Southwest Educational Development Laboratory

Classroom Compass
Volume 2 Number 3
Summer 1996


Stages in the Design Process

Design is a creative process that occurs in many settings. The steps outlined below offer a structured format for a formal design process based on models from industry.

Analyze the situation
Before beginning the design, sort out what problem you are trying to address.

Write a brief
Write a short statement giving the general outline of the problem to be solved.

Research the problem
Sometimes a problem can be solved "straight out of your head," but in most cases you will need to gain some new information and knowledge.

Write a specification
This detailed description of the problem spells out what the design must achieve and what limitations will affect the final solution.

Work out possible solutions
Combine your ideas with information obtained from your research to suggest several possible design solutions. Sketch several possibilities on paper.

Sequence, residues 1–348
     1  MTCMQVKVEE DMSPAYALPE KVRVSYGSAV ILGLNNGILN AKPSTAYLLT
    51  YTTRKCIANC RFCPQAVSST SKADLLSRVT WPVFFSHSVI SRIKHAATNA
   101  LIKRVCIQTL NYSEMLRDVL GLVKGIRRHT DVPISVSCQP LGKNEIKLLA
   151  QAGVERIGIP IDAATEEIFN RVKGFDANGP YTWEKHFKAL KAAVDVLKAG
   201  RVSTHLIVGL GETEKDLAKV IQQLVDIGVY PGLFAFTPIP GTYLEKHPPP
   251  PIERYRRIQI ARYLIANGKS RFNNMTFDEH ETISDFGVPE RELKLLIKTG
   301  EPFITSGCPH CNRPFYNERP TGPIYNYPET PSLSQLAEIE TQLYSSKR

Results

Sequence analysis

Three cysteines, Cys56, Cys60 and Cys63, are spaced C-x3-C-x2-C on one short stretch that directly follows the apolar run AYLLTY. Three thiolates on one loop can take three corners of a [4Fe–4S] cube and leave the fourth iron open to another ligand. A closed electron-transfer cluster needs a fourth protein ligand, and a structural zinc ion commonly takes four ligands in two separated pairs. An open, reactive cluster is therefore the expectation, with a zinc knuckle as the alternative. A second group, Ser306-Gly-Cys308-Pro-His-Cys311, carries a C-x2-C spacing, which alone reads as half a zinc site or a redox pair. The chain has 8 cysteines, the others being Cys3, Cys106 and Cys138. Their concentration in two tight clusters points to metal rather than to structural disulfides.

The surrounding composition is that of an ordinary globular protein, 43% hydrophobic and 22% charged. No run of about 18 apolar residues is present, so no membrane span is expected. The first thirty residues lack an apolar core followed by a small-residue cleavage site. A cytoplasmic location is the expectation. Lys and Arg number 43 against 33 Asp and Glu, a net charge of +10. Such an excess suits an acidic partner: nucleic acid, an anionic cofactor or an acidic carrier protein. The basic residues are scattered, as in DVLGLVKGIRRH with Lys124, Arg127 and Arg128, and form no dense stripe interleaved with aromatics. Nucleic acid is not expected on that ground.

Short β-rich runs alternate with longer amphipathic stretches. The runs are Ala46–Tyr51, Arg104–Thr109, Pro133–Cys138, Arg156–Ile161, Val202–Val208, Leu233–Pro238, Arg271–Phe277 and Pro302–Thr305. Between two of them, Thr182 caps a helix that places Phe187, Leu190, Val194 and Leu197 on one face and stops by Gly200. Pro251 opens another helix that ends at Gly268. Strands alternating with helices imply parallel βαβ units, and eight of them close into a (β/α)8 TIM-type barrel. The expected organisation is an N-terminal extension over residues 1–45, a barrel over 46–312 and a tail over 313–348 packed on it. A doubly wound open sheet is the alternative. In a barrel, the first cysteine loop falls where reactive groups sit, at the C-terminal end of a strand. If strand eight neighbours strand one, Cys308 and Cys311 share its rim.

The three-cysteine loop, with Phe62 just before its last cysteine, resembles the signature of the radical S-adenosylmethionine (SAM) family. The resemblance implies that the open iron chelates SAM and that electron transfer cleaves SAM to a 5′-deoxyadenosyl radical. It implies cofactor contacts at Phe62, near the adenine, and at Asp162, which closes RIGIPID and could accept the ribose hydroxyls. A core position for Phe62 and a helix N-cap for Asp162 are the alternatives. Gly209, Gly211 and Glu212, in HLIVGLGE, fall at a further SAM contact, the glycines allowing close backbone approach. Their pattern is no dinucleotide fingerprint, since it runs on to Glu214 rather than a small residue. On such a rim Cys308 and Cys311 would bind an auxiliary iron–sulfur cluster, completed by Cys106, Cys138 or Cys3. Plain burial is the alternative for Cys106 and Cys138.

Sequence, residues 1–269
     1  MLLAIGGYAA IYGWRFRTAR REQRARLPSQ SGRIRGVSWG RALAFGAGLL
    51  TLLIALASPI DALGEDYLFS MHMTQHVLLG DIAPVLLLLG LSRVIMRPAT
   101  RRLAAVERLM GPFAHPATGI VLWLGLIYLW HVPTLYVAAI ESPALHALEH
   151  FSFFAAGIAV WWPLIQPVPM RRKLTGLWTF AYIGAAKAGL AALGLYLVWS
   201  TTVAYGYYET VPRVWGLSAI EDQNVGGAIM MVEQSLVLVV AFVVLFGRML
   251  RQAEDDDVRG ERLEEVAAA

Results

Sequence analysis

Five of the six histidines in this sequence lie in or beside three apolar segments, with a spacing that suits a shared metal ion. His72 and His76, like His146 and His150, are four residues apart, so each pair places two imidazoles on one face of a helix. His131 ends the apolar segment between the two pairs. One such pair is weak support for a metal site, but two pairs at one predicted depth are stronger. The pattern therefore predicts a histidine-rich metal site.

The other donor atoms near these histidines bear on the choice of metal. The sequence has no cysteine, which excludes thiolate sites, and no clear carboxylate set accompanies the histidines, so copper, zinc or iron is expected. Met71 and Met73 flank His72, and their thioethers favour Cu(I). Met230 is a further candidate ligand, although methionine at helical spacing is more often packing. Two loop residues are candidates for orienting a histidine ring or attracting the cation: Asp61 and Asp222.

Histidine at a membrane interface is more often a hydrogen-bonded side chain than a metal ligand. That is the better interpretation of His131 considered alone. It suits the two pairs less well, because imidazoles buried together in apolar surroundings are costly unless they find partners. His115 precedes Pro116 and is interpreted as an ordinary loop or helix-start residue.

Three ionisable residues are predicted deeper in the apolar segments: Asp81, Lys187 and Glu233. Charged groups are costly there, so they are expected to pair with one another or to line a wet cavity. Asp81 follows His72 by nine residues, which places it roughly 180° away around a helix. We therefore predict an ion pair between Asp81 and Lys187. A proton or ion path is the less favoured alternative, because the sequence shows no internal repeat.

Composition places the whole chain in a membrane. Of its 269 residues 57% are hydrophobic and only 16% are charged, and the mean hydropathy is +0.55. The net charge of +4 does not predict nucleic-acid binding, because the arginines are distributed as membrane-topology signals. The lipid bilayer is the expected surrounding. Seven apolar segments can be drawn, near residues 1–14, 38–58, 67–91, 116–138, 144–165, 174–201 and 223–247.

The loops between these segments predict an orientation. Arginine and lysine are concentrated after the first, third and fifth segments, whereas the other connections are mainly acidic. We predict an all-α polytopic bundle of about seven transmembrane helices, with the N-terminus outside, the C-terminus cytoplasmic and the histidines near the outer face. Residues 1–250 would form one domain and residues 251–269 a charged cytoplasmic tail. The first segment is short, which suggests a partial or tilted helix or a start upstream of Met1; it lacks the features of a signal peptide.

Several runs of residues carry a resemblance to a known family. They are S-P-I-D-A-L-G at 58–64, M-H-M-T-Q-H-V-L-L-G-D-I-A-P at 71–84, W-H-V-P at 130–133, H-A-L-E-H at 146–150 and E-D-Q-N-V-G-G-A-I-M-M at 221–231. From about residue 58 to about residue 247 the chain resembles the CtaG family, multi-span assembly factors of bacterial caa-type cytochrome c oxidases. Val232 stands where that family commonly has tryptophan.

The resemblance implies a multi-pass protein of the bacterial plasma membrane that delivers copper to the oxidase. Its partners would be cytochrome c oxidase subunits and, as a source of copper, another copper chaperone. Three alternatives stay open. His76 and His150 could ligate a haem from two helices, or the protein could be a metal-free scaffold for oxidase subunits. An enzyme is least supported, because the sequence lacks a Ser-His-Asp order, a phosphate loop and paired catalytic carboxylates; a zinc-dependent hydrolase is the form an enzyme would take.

Select a preferred solution
Decide which solution to develop. Although the chosen solution should, ideally, be the one that best satisfies the specifications, other constraints such as time, cost, or skills may limit the decision.

Prepare working drawings and plan ahead
Draw the chosen design including all the details that are important to its construction.

Construct a prototype
Make the product. In industry a model is usually built first and the final product is developed from it, but in most classrooms, the model is the final product.

Test and evaluate the design
Testing is ongoing as the construction progresses, but a final test of the entire system or model proves if the project does the job for which it is designed. Look back at the specifications and check the requirements carefully. Ask such questions as: How well does the design function? Does the design look good? Is the product safe to use? Were suitable materials used? How could I have improved on my design?

Write a report
The report provides evidence of your work in analysis, planning, designing, carrying out the practical work, evaluating, and communicating.

Adapted from Garrett, J. (1991). Design and Technology. Reprinted with permission of Cambridge University Press.
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